Court hears demand for coal policy return in Alta.

The proposed development will also impact John Smith and wife Laura Laing of the nearby Plateau Cattle Co. | Laura Laing photo

Province pauses future coal leases, but those who oppose government’s new approach insist eastern slopes still at risk

Plans for open-pit coal mining that include a proposed conveyor belt stretching 36 kilometres will have a profound impact on the livelihoods of nearby Alberta ranchers if approved, a court hearing was told last week.

The hearing into whether a judicial review should be held into an Alberta government decision to rescind the province’s longstanding coal policy came the same week the government announced a pause of future coal leases.

The conveyor belt was mentioned in an investor presentation by Atrum Coal and will cut through the grazing lease of Mac Blades of the Rocking P Ranch near Nanton, Alta., said lawyer Richard Harrison. Such development will also impact John Smith and wife Laura Laing of the nearby Plateau Cattle Co., he said.

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“It will affect every single aspect of their ability to raise the cattle that they have been raising and that their parents have been raising — and that their grandparents, in the case of Mr. Blades, have been raising — and that long-standing connection to the land.”

Along with Smith and Laing, Blades is seeking a judicial review of a provincial decision last year rescinding a 44-year-old coal policy limiting open-pit mining in much of the eastern slopes of Alberta’s Rocky Mountains.

A virtual hearing into the request was held Jan. 19-20 before Justice Richard Neufeld of the Alberta Court of Queen’s Bench. Harrison told the court he could not think of a project with a more detrimental impact on grazing leases than an open-pit coal mine.

The investor presentation involved the Elan Scoping Study April 2020 by Atrum Coal. The company has about 330 sq. kilometres of holdings, or 81,545 acres, near the headwaters and tributaries of the Oldman River, which provides water for ranches, irrigated farms and communities in much of Alberta.

Due to the fact open-pit coal mines require water for their operations, the provincial government is in the initial stages of seeking to allocate more water above the Oldman reservoir for industrial uses.

The investor presentation outlined the potential development of a large open-pit coal mine in Atrum’s Isolation South area, along with three satellite pits in Elan South. Water pollution from toxic levels of selenium derived from open-pit coal mining has been a concern in British Columbia’s nearby Elk Valley area.

Proposed infrastructure in Isolation South near the Rocking P Ranch is to include a loading area for a 36 km conveyor belt, said Harrison. He added the site is near the confluence of the Oldman and Livingstone rivers, which Blades relies on to water his cattle.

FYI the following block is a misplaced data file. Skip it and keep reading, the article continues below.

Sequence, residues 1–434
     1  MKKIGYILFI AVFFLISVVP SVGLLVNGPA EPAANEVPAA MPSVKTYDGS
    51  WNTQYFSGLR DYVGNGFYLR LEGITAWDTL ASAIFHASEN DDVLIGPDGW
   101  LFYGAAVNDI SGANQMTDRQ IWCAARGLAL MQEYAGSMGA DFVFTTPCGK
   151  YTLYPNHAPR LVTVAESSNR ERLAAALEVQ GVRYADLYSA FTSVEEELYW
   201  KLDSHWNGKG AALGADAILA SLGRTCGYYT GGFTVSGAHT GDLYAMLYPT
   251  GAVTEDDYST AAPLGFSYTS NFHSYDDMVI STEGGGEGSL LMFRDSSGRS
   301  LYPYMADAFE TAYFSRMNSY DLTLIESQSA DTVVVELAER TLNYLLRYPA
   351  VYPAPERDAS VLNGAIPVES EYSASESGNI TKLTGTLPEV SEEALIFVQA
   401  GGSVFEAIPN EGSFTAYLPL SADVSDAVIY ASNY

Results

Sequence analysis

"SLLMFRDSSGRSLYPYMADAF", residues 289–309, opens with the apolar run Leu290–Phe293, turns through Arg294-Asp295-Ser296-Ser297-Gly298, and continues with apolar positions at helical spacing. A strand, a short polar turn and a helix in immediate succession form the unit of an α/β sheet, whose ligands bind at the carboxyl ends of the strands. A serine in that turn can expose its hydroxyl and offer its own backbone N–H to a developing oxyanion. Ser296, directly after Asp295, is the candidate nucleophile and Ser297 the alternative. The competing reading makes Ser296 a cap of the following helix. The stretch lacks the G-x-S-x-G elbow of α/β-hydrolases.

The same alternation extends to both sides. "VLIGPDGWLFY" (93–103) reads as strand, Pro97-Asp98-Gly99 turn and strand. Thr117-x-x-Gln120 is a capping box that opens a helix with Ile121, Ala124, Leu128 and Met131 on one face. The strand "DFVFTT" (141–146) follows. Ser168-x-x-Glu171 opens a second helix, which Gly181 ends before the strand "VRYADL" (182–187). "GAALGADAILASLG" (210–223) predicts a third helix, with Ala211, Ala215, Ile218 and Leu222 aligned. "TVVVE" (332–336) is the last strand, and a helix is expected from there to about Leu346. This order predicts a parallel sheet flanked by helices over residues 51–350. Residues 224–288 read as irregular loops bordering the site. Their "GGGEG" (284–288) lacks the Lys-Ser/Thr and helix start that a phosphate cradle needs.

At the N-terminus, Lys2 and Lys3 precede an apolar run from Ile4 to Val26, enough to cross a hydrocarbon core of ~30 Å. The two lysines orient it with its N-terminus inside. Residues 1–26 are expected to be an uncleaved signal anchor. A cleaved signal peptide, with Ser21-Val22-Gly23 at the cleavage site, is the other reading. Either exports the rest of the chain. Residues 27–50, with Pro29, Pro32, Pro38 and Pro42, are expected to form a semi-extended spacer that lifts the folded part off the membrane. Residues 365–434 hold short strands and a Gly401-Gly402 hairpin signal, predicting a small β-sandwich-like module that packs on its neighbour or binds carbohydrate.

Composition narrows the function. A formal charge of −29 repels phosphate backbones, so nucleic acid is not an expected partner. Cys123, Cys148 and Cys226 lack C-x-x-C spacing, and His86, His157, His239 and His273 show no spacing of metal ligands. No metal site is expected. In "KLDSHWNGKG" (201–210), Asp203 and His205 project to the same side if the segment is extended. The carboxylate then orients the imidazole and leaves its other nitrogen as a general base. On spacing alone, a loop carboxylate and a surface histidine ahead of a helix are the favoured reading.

Land used by the Rocking P and Plateau Cattle Co. was part of Category 2 lands under the coal policy. Its cancellation opened up about 3.7 million acres of such land on the eastern slopes to potential surface coal development.

Opposition to the decision has ranged from two online petitions totalling more than 100,000 signatures to the town council of High River, Alta., which asked for reinstatement of the policy.

Canadian country musicians including Corb Lund, Paul Brandt and Terri Clark have also expressed their opposition. They were joined by singer-entertainers k.d. lang and Jann Arden.

Due to such pressure, provincial Energy Minister Sonya Savage announced Jan. 18 she was pausing future coal lease sales in former Category 2 lands. She also cancelled 11 coal leases from an auction in December totalling about 4,500 acres in the Crowsnest Pass area, which has been estimated to be only a small fraction of the ex-Category 2 lands that remain under lease.

The announcement Jan. 18 “has no impact on existing coal projects currently under regulatory review,” said Savage in a statement. Coal development remains an important part of Western Canada’s economy, particularly for rural communities, she added.

Although Harrison agreed the coal policy was more of a yellow light than a full-scale stop to open-pit coal mining, he said Blades, Smith and Laing want the court to reinstate the policy and its protections. They also want to win a declaration requiring a level of public input reflective of Savage’s legal obligations, something Harrison said never happened.

But the provincial government is seeking to dismiss the application for judicial review. The case is “a classic example of what happens when courts are turned into political arenas,” said Melissa Burkett, a lawyer for the provincial government.

It is not about an unlawful exercise of power, but is instead about the government’s rightful ability to “create and dictate policy based on economic, social, political and other relevant factors,” she said.

The decision rescinding the coal policy will “neither cause nor prevent the development of any coal mining” because Albertans are still protected by a robust regulatory framework, including scrutiny from the Alberta Energy Regulator, she said.

Neufeld said Jan. 20 he hoped to decide within the next two months whether to hold a judicial review.

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